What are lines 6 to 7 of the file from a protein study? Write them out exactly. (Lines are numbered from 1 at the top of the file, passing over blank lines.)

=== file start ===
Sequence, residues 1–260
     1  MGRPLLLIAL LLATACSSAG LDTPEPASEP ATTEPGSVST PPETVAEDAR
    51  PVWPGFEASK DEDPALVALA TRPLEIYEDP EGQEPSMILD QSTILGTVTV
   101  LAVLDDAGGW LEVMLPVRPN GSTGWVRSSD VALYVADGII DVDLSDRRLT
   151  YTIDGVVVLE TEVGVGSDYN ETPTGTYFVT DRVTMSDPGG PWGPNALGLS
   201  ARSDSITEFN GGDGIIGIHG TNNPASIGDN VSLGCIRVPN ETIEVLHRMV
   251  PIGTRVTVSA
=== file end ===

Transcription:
   201  ARSDSITEFN GGDGIIGIHG TNNPASIGDN VSLGCIRVPN ETIEVLHRMV
   251  PIGTRVTVSA